If you cannot find such sugars for sale in your country – in Europe, the UK especially seems not to have discovered the joys of jam-making sugars – you may be able to extract your own pectin from sources such as citrus fruits and apples (save up the peels in the freezer) or even carrots, which have a surprisingly high pectin concentration, then add your pectin and some extra lemon juice to the jam to ensure that it sets, in amounts depending on the pectin already present in the fruit you are using. However, this is rather laborious and will require experimentation to get right, so if possible, have someone from a country with a more highly developed jam-making culture send you some gelling powder sachets.


One reason UK recipes seem to shy away from high-fruit jams is that they tend to assume that jars will not be vacuum sealed, merely covered with a wax disc and clingfilm. This is a sure-fire way to make jam go bad quickly. However, you don't need commercial Amercian-style canning jars, either. Simply clean and collect glass jars with metal lids as they become empty in your household – from jams, pasta sauces, pesto, pickles, and other preserves, making sure you save the right lid for each jar, and that the lid is indeed metal and not plastic4. Soaking them for a while will help remove the paper labels. Interesting jars are especially good, because they will make great gifts!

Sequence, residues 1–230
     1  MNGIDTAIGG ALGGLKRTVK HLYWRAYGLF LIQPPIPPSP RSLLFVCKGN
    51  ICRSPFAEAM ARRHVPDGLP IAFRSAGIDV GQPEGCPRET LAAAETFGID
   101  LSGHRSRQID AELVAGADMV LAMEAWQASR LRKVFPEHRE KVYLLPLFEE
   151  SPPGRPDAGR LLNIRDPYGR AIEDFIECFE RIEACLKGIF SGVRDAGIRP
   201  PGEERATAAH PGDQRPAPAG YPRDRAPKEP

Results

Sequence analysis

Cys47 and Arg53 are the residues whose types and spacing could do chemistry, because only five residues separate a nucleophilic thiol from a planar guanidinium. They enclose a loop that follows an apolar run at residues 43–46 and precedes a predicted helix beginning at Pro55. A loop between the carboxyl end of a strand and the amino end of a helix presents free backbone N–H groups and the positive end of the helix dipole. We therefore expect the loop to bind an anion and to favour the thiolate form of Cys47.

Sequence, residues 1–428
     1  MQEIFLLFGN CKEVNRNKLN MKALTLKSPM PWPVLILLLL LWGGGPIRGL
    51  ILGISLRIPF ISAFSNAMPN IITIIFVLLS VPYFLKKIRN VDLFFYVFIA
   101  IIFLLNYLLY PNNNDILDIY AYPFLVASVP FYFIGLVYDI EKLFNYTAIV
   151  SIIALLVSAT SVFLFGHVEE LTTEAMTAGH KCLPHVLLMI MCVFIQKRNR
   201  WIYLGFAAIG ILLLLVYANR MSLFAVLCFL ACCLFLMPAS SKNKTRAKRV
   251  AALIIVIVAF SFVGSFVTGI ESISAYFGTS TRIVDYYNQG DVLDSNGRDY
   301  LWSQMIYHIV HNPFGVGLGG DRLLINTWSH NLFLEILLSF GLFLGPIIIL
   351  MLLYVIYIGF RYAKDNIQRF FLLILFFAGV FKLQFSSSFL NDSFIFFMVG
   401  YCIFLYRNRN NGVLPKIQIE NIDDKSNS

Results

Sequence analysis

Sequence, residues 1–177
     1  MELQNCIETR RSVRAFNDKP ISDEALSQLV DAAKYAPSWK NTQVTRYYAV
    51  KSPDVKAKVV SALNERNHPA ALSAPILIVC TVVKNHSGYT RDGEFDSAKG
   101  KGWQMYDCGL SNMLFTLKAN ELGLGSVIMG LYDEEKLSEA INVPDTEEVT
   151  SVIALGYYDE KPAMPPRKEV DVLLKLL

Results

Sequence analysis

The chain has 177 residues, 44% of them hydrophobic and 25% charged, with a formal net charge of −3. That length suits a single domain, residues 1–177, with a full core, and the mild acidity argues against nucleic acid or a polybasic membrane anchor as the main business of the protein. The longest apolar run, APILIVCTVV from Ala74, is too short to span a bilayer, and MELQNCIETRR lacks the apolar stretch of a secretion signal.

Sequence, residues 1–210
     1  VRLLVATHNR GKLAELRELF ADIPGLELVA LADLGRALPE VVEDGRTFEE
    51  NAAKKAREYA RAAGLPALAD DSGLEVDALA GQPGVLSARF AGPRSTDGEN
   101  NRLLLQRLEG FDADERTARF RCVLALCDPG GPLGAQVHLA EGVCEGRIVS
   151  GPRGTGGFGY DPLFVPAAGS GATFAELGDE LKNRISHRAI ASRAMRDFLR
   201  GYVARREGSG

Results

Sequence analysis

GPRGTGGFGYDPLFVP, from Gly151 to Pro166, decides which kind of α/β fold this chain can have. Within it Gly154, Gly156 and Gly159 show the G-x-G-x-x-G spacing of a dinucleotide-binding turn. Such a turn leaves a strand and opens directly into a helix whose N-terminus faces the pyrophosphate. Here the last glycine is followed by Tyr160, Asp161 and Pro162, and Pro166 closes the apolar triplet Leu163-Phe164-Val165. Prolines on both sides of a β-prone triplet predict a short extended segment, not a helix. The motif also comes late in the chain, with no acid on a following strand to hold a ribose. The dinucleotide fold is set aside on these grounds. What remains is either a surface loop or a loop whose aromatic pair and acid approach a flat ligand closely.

Jam is best made in relatively small batches, because setting can be erratic in larger volumes, due to uneven heating. Don't use more than 2kg of fruit (about 4 lbs) at a time – this has the added advantage that it won't overfill your cooking pot.

  • Whichever combination of fruit strikes your fancy, skinned5, peeled, de-stemmed and de-seeded, pitted or hulled as appropriate, and cut into small pieces.
  • Jam-making or jelling sugar, or plain sugar and gelling powder – the amount depends on the amount of fruit you use and the type of sugar. Check the packet, remembering that the ratio will be by weight, not volume.
  • Any spices or other flavourings you'd like to use – ginger, a splash of wine or brandy, cinnamon, or whatever strikes your fancy.


Fortunately, jam-making doesn't require any fancy equipment you're unlikely to have in your kitchen, though the bigger your pot, the better. It will splatter.